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DIY Clothing Patterns Pattern making is based on what is called a basic block - sloper. You will likely only be interested in creating a basic sloper for your own unique body shape and measurements. Most pattern making textbooks recommend starting using a fitted bodice with a waist seam. This basic block includes a waist and side dart in the bodice front as well as a waist and shoulder dart in the bodice back. From this basic block, you can vary necklines, sleeves, dart styles and more to create your own unique garments. Video


DIY Patterns from Existing Clothing There are a few different methods for making your pattern. A simple knit top can be copied by tracing directly on wax paper. The “pin-through” technique works well for duplicating garments with multiple elements, such as a jacket or blouse. With jeans, I find that tracing the various pieces on silk organza works well. For whatever method you choose, here are a few tips to help you to make a pattern from a piece of clothing, and you don’t have to take it apart to do it! The original maker of the garment matched fabric weight and type with the design, so for the best result you should also. Stretch denim results in a different fit than regular denim, so if your original garment has stretch, then the copy should as well.  Both the original blue and the copy in black are stretch denims, which let me maintain the close fitting style. As you are making your pattern pieces, add the same type of markings you find on commercial patterns. For example, note the places where seams intersect, the end points for the collar as well as the buttonhole and pocket placements. Label all your pieces, and make sure you add the grain lines. After you trace the various pieces on a pair of pants, use the flexible ruler to recreate the curve of the seams exactly. Lay the ruler on your pattern to verify your tracing and make adjustments.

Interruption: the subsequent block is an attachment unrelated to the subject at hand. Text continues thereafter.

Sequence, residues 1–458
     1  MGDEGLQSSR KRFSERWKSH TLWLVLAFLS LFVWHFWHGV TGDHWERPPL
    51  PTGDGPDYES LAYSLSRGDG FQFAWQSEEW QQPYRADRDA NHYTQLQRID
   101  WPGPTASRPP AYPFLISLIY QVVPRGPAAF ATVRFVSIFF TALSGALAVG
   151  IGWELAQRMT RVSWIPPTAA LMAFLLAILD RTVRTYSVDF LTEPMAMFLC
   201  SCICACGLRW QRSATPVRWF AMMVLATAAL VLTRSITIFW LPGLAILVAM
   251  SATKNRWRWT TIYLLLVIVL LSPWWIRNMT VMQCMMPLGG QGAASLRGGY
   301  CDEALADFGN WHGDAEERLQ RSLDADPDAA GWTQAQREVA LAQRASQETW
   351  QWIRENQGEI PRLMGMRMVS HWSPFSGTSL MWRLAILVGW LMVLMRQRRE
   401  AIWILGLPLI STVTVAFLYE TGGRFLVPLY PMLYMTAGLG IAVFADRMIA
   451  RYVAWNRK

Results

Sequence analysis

You don’t need to trace an entire jacket or blouse, so run a thread line along the centre back, creating pattern pieces you can use on the fold. It is a good idea to compare your finished pattern pieces to both sides of the garment to double check the dimensions, then make adjustments if any piece is slightly off. First make all your pattern pieces, and then sew a muslin to test the accuracy of your pattern. If the garment you started with was not quite the right size, copy it, after which you can do the fitting adjustments on your muslin. Once you have the muslin fitting nicely, you can go back and make the adjustments for size on your pattern pieces. Video